Thousands of terrorists from the Islamic State’s (ISIS/ISIL) international affiliates continued to wreak havoc in various corners of the world in 2018 even as the jihadi group’s so-called caliphate in Iraq and Syria collapsed, primarily at the hands of the U.S.-led coalition and local fighters.
The U.S. Department of State’s (DOS) warning in March that ISIS was “adapting” to the fall of their so-called caliphate in Iraq and Syria by continuing their terror campaign “in all” other corners of the world – including Africa, Bangladesh, and Southeast Asia became – a reality this past year.
At the time, DOS acknowledged that the group was operating several branches outside Iraq and Syria, identified as ISIS West Africa, ISIS Somalia, ISIS Egypt, ISIS Bangladesh, ISIS Philippines, the Maute Group in the Philippines, and Jund al-Khilafah in Tunisia.
Armed groups that have recognized the ISIS caliphate and pledged allegiance to Abu Bakr al Baghdadi are known to use the Arabic word “wilayah” (state/province) to describe themselves as components of a broader caliphate led by the Islamic State.
In September, the Congressional Research Service (CRS) reported that ISIS continues to maintain a presence in Yemen, Egypt, Algeria, Saudi Arabia, Libya, Afghanistan, and Nigeria.
Echoing a recent assessment from the Pentagon’s office of the inspector general (OIG), CRS noted:
While U.S. and allied forces in 2017 and 2018 successfully liberated most of the territory formerly held by the group in Syria and Iraq, IS leadership remains at large and IS fighters appear to be evolving into an insurgent force. The group’s international affiliates continue to operate, and individuals inspired by the group continue to attempt attacks in Europe and elsewhere.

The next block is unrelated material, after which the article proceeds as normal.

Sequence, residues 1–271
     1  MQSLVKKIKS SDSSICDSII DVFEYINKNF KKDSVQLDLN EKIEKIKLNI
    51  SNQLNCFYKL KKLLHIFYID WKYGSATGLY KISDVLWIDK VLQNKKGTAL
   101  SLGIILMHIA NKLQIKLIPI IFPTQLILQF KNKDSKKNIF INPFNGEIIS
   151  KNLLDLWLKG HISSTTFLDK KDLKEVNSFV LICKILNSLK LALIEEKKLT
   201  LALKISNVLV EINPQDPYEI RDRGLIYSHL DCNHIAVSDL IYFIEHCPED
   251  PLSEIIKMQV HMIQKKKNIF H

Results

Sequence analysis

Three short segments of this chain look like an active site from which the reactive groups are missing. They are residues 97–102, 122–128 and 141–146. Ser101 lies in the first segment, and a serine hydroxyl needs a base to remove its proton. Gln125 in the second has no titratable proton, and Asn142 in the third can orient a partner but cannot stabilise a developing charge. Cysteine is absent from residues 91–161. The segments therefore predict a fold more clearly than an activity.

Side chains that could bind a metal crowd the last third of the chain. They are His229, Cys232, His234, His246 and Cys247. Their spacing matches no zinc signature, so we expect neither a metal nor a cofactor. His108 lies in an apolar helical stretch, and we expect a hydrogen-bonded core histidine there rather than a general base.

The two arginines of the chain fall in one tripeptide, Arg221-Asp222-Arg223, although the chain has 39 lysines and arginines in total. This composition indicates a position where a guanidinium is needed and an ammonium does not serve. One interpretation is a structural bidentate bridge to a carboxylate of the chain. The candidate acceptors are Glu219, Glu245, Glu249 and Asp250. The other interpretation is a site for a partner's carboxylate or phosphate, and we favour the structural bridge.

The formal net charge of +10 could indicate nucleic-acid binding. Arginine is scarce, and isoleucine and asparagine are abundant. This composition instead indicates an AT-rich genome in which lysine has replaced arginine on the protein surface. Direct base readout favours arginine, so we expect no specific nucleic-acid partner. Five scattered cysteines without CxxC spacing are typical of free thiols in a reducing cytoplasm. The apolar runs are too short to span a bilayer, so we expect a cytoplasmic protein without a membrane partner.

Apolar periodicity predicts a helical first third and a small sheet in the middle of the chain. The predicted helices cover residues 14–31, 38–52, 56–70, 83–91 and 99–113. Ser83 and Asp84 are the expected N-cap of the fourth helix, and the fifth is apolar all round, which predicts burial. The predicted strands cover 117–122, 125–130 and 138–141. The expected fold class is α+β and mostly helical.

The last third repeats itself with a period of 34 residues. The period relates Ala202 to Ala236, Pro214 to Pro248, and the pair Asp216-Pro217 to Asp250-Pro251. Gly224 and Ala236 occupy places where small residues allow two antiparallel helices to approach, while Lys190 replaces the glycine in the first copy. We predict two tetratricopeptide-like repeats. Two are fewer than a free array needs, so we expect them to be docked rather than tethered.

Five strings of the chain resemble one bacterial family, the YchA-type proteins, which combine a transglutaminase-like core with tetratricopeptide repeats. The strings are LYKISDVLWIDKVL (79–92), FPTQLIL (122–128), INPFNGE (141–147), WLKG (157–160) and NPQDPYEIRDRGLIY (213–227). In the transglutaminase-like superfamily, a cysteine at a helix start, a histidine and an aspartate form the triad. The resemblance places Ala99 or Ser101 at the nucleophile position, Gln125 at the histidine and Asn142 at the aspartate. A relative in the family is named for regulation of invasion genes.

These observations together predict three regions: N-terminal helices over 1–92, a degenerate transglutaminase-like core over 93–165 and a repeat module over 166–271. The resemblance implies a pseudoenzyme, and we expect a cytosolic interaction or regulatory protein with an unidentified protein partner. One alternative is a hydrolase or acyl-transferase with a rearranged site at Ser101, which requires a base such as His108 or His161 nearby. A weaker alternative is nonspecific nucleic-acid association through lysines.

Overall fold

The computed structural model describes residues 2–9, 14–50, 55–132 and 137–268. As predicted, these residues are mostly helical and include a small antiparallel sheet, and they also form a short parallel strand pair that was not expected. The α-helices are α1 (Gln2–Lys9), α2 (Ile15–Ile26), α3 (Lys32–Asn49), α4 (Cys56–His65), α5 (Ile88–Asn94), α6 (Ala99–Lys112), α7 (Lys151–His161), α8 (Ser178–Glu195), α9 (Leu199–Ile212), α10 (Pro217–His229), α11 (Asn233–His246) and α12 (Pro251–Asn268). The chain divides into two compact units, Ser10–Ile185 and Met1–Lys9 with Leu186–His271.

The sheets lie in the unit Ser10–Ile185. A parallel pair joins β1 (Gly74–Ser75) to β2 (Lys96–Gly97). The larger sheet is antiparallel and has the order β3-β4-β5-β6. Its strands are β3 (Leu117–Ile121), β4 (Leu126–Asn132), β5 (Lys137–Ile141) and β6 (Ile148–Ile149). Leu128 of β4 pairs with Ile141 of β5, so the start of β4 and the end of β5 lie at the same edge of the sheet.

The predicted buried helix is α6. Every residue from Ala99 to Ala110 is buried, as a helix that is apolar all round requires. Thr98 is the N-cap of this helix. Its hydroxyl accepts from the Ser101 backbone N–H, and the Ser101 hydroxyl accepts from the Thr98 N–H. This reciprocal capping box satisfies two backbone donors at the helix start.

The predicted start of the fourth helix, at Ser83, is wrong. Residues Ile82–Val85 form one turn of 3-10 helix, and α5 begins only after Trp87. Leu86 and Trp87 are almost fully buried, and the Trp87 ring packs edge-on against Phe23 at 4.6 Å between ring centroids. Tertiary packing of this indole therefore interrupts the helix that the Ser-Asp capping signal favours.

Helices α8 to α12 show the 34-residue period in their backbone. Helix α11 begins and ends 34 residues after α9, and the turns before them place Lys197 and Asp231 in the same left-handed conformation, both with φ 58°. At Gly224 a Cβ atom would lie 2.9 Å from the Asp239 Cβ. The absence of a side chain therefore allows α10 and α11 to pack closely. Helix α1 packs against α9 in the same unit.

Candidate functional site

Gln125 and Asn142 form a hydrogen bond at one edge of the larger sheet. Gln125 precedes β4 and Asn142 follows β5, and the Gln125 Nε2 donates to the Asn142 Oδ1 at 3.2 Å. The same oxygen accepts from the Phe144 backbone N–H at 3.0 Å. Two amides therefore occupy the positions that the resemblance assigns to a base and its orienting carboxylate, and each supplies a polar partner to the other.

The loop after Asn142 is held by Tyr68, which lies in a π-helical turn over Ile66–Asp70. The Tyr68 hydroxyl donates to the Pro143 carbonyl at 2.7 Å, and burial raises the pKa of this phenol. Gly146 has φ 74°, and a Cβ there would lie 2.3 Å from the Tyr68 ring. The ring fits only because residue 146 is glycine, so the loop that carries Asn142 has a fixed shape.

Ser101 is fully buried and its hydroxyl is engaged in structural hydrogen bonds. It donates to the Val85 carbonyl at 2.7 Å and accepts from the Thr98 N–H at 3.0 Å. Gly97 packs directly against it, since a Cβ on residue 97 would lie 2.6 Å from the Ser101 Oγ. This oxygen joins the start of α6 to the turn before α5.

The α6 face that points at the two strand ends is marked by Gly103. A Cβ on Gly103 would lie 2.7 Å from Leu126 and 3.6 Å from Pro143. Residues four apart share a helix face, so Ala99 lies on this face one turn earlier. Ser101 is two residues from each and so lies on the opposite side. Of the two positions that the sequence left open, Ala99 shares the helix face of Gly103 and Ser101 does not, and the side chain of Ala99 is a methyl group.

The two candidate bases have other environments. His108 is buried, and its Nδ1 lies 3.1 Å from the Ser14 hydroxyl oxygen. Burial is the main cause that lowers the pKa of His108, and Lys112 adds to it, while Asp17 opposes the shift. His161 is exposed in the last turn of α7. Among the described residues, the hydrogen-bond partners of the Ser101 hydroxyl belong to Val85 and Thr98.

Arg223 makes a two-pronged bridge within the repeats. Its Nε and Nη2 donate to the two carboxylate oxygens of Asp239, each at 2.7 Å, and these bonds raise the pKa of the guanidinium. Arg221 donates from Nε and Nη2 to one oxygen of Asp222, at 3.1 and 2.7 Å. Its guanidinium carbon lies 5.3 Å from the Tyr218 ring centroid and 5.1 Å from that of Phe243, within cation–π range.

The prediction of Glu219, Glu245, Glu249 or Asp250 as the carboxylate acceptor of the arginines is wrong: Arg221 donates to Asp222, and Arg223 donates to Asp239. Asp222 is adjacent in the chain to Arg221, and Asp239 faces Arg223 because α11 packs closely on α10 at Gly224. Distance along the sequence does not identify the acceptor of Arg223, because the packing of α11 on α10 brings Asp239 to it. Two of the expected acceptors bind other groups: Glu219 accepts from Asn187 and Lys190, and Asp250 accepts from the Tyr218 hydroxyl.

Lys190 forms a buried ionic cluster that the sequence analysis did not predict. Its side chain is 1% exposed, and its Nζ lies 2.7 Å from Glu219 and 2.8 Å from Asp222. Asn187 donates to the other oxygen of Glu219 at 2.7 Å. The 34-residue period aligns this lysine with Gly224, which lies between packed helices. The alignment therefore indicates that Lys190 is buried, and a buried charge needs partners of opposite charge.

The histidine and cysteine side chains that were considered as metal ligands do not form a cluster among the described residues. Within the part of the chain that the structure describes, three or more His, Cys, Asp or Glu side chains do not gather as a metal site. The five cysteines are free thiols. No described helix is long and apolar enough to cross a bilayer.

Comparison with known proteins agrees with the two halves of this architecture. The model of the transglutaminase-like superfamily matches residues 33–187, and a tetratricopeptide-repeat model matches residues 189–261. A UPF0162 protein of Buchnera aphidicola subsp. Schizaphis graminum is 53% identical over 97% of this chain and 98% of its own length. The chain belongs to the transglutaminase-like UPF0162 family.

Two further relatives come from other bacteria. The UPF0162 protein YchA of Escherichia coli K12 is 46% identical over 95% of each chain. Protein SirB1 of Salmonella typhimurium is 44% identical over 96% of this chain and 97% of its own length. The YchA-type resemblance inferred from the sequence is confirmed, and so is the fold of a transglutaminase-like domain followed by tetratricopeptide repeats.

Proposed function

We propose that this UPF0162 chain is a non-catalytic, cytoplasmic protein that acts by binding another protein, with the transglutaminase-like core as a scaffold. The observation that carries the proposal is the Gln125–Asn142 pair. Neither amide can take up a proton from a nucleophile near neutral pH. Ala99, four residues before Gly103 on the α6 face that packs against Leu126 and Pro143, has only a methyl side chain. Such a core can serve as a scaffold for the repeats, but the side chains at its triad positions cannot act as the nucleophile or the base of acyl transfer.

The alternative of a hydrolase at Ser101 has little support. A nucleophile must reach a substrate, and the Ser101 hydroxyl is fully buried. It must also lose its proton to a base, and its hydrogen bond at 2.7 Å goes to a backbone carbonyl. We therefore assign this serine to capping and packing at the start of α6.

CRS identified the remaining ISIS international wings as the Islamic State in Egypt (IS-SP); the Islamic State in Libya (Wilayah Libya/Tarabalus/Barqa); the Islamic State in Nigeria (West Africa Province, Wilayah Gharb Afriqiyya); the Islamic State in the Greater Sahara; the Islamic State-Khorasan Province (ISKP, Wilayah Khorasan); the Islamic State in Yemen (Wilayah Al Bayda/Aden-Abyan); the Islamic State in the Caucasus (Wilayah Kawkaz); the Islamic State in Saudi Arabia (Wilayah Najd/Hijaz/Haramayn); the Islamic State in East Asia (Wilayah Sharq Asia, ISIS- Philippines).
According to CRS, the ISIS affiliates outside Iraq and Syria now boast between 7,500 and 9,200 jihadis. That is in addition to the 20,000 to 30,000 ISIS members that the Pentagon OIG believe are still inside Iraq and Syria. CRS was unable to provide manpower estimates for all the ISIS provinces.
“The Islamic State’s presence in other regions, such as Yemen and the Philippines, shows that it retains global appeal and cannot be defeated,” Michael Munoz, an FBI special agent working on counterterrorism issues, wrote in a November article published by the Combating Terrorism Center at West Point.
Citing a report from the United Nations Security Council, the Pentagon OIG predicted in November that, despite the fall of the group’s territorial caliphate, “a ‘reduced, covert version’ of ISIS will survive in Iraq and Syria and will maintain a presence in neighboring countries and affiliates in multiple countries, including Afghanistan, Libya, Somalia, and Yemen.”